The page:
New development threatens the century-old home of an Echo Park inventor

The plans to demolish a cluster of modest Echo Park cottages and storefronts for an approximately 60-unit housing project prompted resident Rory Mitchell to look into the history of the property overlooking Sunset Boulevard near Waterloo Street.  Mitchell, a writer and historical consultant, was curious what connection to the past would be lost if the buildings were bulldozed. What Mitchell found was that one of the homes, a 1910 cottage at 2231 Sunset Blvd., was built for a Hungarian immigrant named Stefan Zacsek, his wife, Theresa, and daughter Anna. Zacsek was an ornamental iron worker and inventor who had a few years earlier received a patent for the device shown above,  an “apparatus for displaying pictures” or what Mitchell said looks like an earlyViewmaster.

Mitchell writes his blog writes:

Stefan Zacsek also held several patents, including a spring loaded door latch and an “apparatus for displaying pictures”  that would allow a person to look through binocular lenses and see a picture.  Then, they could pull a handle… and see another picture.   But Stefan Zacsek’s early Viewmaster must have proved no match for the growing popularity of the moving pictures intensifying between 1904 when the patent was applied for and 1906 when it was granted.

The moving pictures may not have been kind to Zacsek’s early 20th Century Viewmaster. But the movie business did wonders for Zacsek’s daughter Anna,  who appeared in silent films produced by D.W. Griffith. She later went on to become an attorney, with clients ranging from defendants in the Sleepy Lagoon case to architect Rudolf Schindler.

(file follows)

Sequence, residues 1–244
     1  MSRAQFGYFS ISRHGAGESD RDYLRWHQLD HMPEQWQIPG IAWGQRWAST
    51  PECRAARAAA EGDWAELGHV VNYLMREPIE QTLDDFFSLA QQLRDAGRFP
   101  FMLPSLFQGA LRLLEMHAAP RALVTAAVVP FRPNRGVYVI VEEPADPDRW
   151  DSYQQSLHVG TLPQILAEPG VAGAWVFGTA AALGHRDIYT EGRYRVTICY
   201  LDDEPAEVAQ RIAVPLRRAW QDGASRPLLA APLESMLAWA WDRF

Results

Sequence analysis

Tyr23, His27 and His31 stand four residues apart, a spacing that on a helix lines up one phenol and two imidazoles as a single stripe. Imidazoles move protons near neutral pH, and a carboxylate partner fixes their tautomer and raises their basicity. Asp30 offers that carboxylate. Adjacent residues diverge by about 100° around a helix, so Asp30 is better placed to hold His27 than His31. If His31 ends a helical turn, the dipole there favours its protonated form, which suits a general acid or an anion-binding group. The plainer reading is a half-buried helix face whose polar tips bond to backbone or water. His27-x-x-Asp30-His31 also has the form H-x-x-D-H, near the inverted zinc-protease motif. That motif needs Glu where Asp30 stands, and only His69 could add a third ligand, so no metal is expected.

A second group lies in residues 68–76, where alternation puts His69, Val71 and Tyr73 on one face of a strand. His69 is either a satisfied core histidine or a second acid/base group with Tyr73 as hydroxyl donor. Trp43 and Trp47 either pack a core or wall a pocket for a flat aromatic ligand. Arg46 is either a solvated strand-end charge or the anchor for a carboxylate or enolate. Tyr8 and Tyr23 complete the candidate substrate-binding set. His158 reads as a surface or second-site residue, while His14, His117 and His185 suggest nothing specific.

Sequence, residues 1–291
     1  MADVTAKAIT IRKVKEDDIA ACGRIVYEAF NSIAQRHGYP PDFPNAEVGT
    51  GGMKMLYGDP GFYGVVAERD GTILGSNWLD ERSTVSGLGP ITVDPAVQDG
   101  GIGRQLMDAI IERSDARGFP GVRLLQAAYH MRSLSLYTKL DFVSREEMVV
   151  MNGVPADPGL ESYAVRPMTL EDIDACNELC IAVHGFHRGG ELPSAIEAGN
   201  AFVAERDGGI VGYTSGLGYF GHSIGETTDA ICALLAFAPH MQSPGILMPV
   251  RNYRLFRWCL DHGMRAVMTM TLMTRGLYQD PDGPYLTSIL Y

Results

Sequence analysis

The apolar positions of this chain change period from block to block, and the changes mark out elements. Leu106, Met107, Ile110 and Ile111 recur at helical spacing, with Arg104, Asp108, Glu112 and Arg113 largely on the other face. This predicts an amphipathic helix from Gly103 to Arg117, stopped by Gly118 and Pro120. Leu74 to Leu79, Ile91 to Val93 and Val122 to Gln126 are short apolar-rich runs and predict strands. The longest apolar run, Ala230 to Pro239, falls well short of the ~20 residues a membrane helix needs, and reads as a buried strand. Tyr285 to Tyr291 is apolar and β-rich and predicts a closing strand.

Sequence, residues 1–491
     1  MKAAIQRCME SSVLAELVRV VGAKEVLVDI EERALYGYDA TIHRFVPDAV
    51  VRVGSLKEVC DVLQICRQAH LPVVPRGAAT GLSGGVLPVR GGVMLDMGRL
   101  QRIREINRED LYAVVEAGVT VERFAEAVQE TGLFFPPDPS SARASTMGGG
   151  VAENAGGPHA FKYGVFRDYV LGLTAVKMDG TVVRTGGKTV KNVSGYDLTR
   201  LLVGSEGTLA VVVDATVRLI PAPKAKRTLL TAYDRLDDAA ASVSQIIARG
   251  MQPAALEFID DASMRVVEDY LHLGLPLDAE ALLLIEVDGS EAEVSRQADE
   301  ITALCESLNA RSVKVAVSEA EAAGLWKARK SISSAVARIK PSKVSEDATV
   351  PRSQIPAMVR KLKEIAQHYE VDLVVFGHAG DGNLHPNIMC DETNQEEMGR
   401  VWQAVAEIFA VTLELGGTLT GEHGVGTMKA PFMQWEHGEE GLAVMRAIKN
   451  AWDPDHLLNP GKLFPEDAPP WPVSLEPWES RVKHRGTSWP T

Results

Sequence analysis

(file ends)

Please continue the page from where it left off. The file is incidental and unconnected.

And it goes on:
Mitchell said that the deadline for the public to submit comments on Sunset Flats, the development that would replace the Zacsek home has been extended  until Jan. 28.

Drawing from US Patent and Trademark Office/Google Patents


  1. I got my letter of protest in! Those store fronts and houses above are so wonderful, a monster modern apartment building there would just look and feel awful. And traffic is always bad there already because of the fire station. A terrible idea for this location.

  2. let us not forget the eyesore “new” complex at Sunset and Quintero.
    they had a perfect opportunity to design and build something with character and came up with yet another cheaply built stucco eyesore.

    ironic how they got it so right in LA the 20’s thru the 50’s. 70’s birth of the strip mall was the killer.

    please hold onto the original charm of the strip. and if something must be built on that open plot, make it 10 units and something LA can enjoy seeing !


  3. the link above is to the eyesore apartment building of Sunset and Quintero, not a reference to what I think would improve or preserve the area. lol. but i’m sure all you beautifully smart people knew that. : )

  4. Huh? Most everything built 20s-50s was stucco – some eyesores some not so much. 70’s strip mall? That’s a problem of too much parking – which you’d be the first to complain about if they tried to reduce…

  5. Just An Email Would Help

    Please take the time to send an email and protest this building here: rogelio.flores@lacity.org It would be great if all the people who litter this site with their mean comments would channel that energy into actually DOING something for the community. Just saying.

  6. old school smooth spanish stucco is amazing. new cheaply done “unsmooth” cheaply done stucco on bad architecture is bad bad bad. and yes, strip malls are the blight of LA.

  7. Strip malls are an eyesore, but so convenient. Therein lies the rub.

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